The other thing I did more of, or as much of as I could, was getting to networking events and having a lot of conversations with people. Having as many conversations as I could. They weren't always sales conversations. A lot of them didn't lead to a sale, but I was having as many conversations as possible, whether it's a podcast like this, whether it's a Zoom, whether it's face-to-face for a coffee or a beer or whatever it was. It was having those conversations and getting...
my name and my face out there. And in terms of where I'm at now and fast forwarding to that, I've gone from being a solopreneur and a freelancer to working as part of an agency. And of course, that comes with challenges as well, making sure we have clear communication internally, making sure we are managing customer expectations and making sure we're on the same page ourselves. There's always gonna be those little challenges that are easy to overcome by having
again, the right tools, the right systems in place. So one tool that we use a lot of is Slack for communication. And that's a great way for all of us and our clients to stay in the loop and on the same page. So there's always solutions to those problems that I see a lot of business owners going through. And automation and systems are a great way to combat a lot of those issues to some extent.
Jim James (16:05.558)
Seb, you mentioned sort of getting out there on social media. Perhaps we just go a little bit deeper into that. When you say going out there, what sort of content were you publishing? What sort of frequency were you using? And was this in general, or did you create a group, for example?
Seb Brantigan (16:21.827)
So the main type of content I was creating was video based. So I would create a lot of video sharing a couple of tips on something that I've learned about promoting your business or about marketing. And I started to build a bit of a following on my personal page, which I then moved to a business page soon after. And I was posting very frequently. I was probably posting multiple times a day at one point, but normally I post
once a day. It wasn't always video, sometimes it's images, sometimes it's just, you know, here's a couple of tips on marketing and there was no image. So I try and vary it, make it interesting and useful for my ideal audience, my audience I want to work with.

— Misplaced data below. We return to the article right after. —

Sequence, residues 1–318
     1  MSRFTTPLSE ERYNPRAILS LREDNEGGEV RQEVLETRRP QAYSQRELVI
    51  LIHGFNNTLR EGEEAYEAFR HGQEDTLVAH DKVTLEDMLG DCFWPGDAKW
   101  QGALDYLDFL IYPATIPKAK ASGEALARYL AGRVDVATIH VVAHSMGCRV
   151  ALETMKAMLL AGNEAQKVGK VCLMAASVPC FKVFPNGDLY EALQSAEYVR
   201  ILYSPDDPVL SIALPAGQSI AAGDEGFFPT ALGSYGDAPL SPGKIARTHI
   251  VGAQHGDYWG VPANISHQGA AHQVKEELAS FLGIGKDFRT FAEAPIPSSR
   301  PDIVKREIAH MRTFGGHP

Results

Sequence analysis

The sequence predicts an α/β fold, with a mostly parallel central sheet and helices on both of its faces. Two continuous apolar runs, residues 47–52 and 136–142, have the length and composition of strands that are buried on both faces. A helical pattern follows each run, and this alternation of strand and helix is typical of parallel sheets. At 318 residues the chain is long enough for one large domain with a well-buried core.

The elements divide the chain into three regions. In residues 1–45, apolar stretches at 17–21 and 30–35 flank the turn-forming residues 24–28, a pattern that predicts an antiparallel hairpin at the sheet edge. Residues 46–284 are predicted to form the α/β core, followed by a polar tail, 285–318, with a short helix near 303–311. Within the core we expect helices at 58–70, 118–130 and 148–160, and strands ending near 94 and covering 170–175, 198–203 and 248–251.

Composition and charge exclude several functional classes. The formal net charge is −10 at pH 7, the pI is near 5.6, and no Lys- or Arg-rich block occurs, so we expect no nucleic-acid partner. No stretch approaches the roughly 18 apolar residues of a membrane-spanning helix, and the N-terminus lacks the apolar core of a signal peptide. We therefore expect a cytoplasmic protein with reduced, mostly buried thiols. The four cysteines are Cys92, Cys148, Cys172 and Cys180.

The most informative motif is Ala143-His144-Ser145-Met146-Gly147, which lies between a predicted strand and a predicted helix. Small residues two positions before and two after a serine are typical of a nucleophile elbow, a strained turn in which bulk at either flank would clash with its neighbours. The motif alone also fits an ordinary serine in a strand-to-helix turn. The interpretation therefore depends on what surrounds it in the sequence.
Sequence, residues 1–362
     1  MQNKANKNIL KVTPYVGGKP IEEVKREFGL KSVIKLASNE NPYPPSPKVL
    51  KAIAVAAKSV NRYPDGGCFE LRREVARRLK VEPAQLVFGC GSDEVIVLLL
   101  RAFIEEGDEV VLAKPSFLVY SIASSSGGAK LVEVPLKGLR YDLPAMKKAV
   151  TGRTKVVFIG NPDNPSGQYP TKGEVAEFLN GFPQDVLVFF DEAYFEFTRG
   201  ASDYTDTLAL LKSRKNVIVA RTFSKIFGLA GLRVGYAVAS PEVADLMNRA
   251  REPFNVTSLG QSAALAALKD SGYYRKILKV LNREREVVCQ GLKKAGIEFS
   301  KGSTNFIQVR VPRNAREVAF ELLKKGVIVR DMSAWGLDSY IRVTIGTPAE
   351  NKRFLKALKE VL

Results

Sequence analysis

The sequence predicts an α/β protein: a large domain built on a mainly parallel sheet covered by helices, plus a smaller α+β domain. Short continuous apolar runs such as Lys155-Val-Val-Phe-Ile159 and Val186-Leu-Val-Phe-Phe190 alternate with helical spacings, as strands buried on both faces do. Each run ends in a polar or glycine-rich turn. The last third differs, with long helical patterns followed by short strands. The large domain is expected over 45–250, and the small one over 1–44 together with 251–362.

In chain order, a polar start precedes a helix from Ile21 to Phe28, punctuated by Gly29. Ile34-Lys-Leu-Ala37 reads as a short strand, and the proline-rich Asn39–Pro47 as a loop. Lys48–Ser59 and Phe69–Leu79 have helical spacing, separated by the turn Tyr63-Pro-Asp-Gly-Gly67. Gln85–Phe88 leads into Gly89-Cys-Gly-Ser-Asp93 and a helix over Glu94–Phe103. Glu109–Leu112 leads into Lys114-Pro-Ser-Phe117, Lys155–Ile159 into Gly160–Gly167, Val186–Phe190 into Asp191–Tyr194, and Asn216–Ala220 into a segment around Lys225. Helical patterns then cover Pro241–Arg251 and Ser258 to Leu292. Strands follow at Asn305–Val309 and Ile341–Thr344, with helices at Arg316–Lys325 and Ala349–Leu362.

Jim James (17:03.658)
Yeah, Seb, that's wonderful. And I think that comes across that, you know, sharing your knowledge openly and freely has been a, the right thing to do. But from a business point of view, it also very much in line with your values. Seb Brantigan, we know that as entrepreneurs, we also do things that don't work out. Is there anything that you have done yourself that you...
would say not to try at home, you know, that isn't really that successful.
Seb Brantigan (17:35.235)
Yeah, of course. So there's all kinds of things. I feel like I've tried everything at this point. But I think, you know, something I mentioned earlier was just not trying to overcomplicate things. You know, think about where you're at in a business right now. You know, a lot of people get very confused with things like automation because they feel they have to have all of their ducks in a row. So that's a mistake I've definitely made in the past, which is, you know, I probably, although I did get out on social media.
I probably was a bit hesitant at first doing so. So, you know, one thing I'd recommend is just jump in the deep end and learn as you go from the automation perspective. It's definitely a case of keeping things simple and realistic. And, you know, I see a lot of business owners never mistake. I see, and it was something that I've done a lot of as well. And I advise people against is trying too many different CRM systems, too many softwares at once.